of knowledge.

The table below describes important aspects of epistemologies of the main research philosophies related to business
research:
Research philosophy Epistemology: the researchers view regarding what constitutes acceptable knowledge

Either or both observable phenomena and subjective meanings can provide acceptable knowledge dependent upon
the research question.
Pragmatism
Focus on practical applied research, integrating different perspectives to help interpret the data

Only observable phenomena can provide credible data, facts.


Positivism
Focus on causality and law-like generalisations, reducing phenomena to simplest elements

Observable phenomena provide credible data, facts.

Insufficient data means inaccuracies in sensations (direct realism). Alternatively,

Realism
phenomena create sensations which are open to misinterpretation (critical realism).

Focus on explaining within a context or contexts

Subjective meanings and social phenomena.


Interpretivism
Focus upon the details of situation, a reality behind these details, subjective meanings motivating actions

Epistemology of popular research philosophies in business research

My e-book, The Ultimate Guide to Writing a Dissertation in Business Studies: a step by step assistance contains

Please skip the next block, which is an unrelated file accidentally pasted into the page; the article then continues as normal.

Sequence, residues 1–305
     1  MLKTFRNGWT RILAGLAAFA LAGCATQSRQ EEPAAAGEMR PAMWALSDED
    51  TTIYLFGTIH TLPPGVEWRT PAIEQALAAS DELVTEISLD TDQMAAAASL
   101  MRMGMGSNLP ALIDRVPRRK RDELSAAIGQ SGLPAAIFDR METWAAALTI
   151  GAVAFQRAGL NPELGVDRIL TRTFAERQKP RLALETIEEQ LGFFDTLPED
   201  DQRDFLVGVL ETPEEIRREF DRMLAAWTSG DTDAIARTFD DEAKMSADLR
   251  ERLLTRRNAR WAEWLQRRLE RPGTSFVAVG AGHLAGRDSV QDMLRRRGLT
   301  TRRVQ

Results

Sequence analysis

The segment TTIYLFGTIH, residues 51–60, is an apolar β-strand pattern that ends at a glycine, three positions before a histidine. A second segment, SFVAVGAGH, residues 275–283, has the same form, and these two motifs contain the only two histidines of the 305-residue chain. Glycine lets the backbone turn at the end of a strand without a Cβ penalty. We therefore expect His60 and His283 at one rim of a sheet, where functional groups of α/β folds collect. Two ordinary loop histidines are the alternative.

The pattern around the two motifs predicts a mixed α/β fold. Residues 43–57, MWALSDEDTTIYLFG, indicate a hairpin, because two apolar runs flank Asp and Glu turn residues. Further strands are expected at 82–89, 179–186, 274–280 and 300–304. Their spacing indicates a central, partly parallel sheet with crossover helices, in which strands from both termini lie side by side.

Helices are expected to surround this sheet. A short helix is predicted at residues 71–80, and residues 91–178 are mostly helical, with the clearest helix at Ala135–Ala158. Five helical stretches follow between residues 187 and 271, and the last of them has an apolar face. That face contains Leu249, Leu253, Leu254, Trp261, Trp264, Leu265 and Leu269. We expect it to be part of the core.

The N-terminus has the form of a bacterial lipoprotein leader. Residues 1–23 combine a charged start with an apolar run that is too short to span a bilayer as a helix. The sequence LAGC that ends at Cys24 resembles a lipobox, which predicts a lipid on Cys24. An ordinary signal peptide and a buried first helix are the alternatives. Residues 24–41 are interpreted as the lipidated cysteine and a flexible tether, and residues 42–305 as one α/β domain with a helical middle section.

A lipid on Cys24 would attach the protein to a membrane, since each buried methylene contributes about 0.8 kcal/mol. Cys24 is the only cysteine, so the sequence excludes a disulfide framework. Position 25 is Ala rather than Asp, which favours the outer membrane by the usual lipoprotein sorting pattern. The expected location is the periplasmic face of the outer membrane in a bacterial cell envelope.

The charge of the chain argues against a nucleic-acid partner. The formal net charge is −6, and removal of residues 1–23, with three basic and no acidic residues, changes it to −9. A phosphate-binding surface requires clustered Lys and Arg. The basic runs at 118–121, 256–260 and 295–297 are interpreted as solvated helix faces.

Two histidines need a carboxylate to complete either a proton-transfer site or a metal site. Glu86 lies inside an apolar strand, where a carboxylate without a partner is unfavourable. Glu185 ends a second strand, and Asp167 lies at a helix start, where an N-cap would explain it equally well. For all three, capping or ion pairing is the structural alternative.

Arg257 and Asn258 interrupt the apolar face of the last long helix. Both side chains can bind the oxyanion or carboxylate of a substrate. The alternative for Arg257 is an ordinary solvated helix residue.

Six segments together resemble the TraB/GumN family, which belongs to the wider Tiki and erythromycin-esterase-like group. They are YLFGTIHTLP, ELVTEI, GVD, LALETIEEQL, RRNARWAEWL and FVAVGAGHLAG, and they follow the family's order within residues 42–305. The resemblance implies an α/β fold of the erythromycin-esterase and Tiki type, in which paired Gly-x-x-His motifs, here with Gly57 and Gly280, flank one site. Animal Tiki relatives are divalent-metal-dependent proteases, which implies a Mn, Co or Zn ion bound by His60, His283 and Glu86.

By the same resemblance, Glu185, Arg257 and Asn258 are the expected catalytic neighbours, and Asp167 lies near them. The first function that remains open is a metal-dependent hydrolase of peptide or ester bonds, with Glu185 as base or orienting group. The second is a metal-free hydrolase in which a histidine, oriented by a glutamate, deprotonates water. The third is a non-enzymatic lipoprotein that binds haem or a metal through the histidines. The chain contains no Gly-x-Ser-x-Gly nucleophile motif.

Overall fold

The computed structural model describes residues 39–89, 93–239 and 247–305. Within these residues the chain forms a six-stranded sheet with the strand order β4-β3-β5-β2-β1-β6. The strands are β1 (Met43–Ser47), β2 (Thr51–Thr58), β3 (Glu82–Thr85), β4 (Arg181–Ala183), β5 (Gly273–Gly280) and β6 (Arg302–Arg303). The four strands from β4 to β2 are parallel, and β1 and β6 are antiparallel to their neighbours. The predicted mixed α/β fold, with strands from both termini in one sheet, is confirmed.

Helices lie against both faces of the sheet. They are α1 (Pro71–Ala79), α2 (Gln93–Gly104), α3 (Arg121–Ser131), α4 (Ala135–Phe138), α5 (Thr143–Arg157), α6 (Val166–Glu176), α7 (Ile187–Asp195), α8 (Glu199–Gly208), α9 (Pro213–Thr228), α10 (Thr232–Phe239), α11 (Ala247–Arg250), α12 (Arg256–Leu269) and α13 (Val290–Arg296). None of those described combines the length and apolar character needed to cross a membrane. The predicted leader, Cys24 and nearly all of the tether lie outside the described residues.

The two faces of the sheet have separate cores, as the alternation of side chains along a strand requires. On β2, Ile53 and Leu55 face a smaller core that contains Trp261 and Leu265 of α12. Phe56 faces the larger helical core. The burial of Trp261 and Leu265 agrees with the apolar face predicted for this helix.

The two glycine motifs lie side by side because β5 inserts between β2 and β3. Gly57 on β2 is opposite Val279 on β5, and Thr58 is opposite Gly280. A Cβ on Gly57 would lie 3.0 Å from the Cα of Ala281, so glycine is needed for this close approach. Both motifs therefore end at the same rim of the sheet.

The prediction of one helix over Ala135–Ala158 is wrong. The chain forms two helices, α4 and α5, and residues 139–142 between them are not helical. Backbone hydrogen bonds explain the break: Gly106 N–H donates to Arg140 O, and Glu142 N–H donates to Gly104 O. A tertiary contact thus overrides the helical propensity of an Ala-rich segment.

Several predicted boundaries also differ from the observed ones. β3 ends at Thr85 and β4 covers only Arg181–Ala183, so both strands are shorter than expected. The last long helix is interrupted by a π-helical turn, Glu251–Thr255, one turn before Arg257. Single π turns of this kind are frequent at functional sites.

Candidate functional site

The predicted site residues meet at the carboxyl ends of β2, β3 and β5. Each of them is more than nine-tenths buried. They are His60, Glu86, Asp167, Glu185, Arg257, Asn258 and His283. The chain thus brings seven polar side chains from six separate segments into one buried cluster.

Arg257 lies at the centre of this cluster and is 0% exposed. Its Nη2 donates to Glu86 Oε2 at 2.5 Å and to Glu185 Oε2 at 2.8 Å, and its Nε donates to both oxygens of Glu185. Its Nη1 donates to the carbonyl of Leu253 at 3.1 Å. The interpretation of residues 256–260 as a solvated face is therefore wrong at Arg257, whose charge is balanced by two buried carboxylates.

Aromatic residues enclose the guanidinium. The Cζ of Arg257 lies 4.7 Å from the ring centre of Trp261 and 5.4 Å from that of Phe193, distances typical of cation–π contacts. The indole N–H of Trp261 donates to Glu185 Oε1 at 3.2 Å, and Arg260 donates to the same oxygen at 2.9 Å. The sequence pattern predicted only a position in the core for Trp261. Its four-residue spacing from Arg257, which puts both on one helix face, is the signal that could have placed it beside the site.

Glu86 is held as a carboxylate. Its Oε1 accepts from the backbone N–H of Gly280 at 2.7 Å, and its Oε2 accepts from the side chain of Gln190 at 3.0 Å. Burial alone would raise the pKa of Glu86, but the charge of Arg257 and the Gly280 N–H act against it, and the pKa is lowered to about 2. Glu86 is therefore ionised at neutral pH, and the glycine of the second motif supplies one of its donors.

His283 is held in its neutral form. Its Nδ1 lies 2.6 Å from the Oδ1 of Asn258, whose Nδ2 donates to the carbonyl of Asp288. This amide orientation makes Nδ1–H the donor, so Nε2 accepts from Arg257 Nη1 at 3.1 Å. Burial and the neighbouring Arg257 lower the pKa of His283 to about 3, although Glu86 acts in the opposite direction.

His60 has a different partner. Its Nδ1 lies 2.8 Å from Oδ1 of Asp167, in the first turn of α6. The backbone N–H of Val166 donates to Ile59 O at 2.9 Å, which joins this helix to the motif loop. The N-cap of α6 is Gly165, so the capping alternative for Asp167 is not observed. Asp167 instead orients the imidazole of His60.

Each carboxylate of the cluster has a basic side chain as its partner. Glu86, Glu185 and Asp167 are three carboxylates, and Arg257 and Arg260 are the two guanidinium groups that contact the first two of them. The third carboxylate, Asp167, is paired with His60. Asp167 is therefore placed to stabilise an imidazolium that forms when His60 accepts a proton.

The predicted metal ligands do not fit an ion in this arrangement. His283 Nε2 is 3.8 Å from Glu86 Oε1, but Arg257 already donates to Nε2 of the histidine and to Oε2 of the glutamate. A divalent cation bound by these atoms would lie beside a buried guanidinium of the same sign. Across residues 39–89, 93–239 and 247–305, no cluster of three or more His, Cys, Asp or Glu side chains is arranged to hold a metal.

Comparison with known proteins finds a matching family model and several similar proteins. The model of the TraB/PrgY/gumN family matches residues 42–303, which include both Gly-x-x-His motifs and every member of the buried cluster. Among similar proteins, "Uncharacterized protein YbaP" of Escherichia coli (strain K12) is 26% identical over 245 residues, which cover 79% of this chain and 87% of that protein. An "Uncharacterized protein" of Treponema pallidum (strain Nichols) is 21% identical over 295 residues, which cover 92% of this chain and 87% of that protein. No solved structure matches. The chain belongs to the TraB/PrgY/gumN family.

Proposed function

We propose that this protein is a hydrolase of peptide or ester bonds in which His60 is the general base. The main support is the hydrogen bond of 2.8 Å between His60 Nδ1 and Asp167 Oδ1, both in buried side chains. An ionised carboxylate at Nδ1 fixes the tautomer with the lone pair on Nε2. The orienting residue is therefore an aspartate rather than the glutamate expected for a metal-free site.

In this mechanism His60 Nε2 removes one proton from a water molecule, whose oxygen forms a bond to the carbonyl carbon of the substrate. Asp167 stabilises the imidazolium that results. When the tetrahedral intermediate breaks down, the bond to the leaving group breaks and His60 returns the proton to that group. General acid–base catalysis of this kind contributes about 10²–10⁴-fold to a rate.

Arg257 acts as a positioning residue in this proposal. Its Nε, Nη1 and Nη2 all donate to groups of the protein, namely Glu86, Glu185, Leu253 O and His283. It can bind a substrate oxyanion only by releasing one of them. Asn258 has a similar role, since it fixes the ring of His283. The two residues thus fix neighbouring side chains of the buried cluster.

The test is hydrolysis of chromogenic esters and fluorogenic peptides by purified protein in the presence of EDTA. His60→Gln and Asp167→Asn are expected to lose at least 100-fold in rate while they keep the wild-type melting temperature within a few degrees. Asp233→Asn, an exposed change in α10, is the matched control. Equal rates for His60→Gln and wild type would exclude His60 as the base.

discussions of theory and application of research philosophy. The e-book also explains all stages of the research
process starting from the selection of the research area to writing personal reflection. Important elements of
dissertations such as research philosophy, research approach, research design, methods of data collection and data
analysis are explained in this e-book in simple words.

John Dudovskiy

Ontology and Epistemology

Ontology: The branch of metaphysics (philosophy concerning the overall nature of what things are) is concerned
with identifying, in the most general terms, the kinds of things that actually exist. In other words addressing the
question: What is existence? and What is the nature of existence? When we ask deep questions about "what is the
nature of the universe?" or "Is there a god?" or "What happens to us when we die?" or "What principles govern the
properties of matter?" we are asking inherently ontological questions.

Epistemology: The branch of philosophy concerned with the nature of knowledge itself, its possibility, scope, and
general basis. More broadly:How do we go about knowing things? or How do we separate true ideas from false
ideas? or How do we know what is true? or "How can we be confident when we have located 'truth'?" "What are
the systematic ways we can determine when something is good or bad?"

So ontology is about what is true and epistemology then is about methods of figuring out those truths.

The split between Plato and Aristotle is both ontological and epistemic. The split between religion and science is
both ontological and epistemic. For example, religion and science offer two very different ontologies (theories
about what is out there) and epistemology (ways to figure out what is out there). And the split between Plato and
Aristotle matches exactly the split between religion and science...and you should leave this class understanding why
and how!